Slow down and breathe. This compilation of free-form piano improvisations is an answer to the fast-paced and constantly changing world we live in.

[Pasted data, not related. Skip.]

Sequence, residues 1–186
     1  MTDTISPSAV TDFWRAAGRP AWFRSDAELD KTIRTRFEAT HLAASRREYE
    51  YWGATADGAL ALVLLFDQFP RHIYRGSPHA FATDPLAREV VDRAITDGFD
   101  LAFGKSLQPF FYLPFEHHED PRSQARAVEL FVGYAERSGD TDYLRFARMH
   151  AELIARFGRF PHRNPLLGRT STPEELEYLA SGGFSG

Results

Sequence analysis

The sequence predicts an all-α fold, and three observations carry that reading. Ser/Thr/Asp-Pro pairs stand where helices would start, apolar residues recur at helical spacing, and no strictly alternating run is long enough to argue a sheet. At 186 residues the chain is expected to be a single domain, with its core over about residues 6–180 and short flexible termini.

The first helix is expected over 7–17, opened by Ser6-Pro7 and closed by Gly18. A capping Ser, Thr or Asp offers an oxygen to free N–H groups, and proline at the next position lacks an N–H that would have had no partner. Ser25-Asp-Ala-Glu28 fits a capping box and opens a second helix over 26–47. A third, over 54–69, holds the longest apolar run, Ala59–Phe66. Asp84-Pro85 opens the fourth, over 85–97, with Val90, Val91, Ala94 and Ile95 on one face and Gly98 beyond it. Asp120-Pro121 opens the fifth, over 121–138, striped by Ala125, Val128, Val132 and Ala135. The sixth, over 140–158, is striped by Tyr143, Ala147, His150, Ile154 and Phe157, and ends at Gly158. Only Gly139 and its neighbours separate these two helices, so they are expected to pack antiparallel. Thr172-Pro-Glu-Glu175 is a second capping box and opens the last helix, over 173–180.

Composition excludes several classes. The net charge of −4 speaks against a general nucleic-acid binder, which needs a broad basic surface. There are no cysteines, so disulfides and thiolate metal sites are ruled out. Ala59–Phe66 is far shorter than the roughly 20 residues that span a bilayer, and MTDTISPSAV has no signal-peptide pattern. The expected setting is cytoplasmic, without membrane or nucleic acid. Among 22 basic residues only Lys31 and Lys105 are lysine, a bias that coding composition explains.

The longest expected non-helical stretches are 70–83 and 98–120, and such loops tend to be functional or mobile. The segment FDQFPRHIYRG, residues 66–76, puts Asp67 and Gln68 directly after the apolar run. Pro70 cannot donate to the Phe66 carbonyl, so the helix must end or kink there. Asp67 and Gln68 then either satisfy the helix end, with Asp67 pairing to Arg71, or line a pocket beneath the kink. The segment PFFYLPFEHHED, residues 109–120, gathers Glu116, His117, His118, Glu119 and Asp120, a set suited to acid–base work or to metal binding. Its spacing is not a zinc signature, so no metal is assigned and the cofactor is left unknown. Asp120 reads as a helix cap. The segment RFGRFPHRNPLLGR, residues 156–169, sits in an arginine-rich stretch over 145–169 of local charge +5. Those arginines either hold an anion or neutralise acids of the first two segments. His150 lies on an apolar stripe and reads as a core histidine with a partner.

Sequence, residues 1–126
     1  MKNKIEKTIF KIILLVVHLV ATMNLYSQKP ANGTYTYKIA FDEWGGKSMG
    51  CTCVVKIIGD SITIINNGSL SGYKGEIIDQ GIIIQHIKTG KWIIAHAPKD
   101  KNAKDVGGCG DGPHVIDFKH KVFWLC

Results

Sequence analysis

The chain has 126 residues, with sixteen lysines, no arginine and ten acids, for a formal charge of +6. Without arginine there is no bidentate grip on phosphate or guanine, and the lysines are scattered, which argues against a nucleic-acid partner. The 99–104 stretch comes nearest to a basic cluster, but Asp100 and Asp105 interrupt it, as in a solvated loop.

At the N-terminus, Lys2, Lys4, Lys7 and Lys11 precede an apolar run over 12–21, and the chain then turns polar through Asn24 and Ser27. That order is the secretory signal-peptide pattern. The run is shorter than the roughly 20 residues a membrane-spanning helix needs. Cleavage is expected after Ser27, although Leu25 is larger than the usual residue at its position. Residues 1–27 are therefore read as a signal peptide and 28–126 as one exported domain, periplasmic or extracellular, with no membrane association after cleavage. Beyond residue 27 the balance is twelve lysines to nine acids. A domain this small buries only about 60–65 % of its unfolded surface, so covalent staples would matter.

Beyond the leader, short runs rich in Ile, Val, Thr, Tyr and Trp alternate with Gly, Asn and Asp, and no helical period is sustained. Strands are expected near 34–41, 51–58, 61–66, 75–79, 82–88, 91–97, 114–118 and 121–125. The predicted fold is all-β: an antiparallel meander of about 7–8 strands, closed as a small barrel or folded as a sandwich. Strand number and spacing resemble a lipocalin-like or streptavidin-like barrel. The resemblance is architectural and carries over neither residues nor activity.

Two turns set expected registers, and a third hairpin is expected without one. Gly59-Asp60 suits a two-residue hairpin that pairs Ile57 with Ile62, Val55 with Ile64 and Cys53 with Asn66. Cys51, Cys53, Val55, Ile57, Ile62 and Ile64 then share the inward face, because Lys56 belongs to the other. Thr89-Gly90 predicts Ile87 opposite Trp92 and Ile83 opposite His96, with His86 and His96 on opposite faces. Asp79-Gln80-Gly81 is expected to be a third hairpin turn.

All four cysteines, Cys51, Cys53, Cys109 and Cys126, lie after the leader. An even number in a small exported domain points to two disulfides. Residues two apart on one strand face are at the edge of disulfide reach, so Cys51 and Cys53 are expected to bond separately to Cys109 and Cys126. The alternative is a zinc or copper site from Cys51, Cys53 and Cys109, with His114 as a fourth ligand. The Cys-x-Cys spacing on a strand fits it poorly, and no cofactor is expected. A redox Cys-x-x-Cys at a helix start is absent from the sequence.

My background in music is very traditional. As a child I embarked on a musical education through the Royal Conservatory of Music. I learned my piano studies, did my technique drills, studied music theory and history, and took various Royal Conservatory exams culminating in a Performer’s ARCT. As a composer and performer, this education has been invaluable. But there is a part of my identity as a musician that does not flow out of the teachings of the Royal Conservatory of Music. That is my love and practice of improvising. I have always done it and never really thought about why or how it happened. I’ve only had three piano teachers and none of them actively promoted the skill – in fact, I never really told them I was doing it. My improvising has always been a very personal and somewhat hidden activity – something I just did for myself. In high school, a music teacher, Bob Rebagliati overheard me playing some of my piano compositions and encouraged me to join the jazz band. The three years I spent studying jazz improvisation with him represents the only formal training in improvisation that I have ever received. For whatever reason, I never really took to jazz improvising. In fact I would go so far as to say that at best I was no more than mediocre. I learned a few tricks and I certainly picked up a few chords I still use in my playing. All I know is that it is something I need to do and have always done. But I don’t see myself as a jazz improviser. I use no chord charts as a guide and I can’t rattle off or even recognise a complex chain of colourful chords if they are presented to me. I guess my chord chart is all the music I have learned and played as a student of the Royal Conservatory of Music. I simply sit at the piano, start playing, and draw on my traditional knowledge of music theory and performance practice. The fun begins when a mistake occurs. The mistake is the opportunity to explore and make it into something meaningful musically. Just about three years ago, I started improvising in the practice room when rehearsing with Howard Meadows (together, we are the Amicus Music Duo). It is Howard who is responsible for my sharing improvisations with others. He has relentlessly encouraged me to do this and the consequence is a number of improvisations on our Purple Patches CD and now this album. My improvisations are essentially meditative in their experience. There are the occasional bursts of fire, but for me they are about slowing down and indulging in the moment. My favourite moments are usually very simple moments.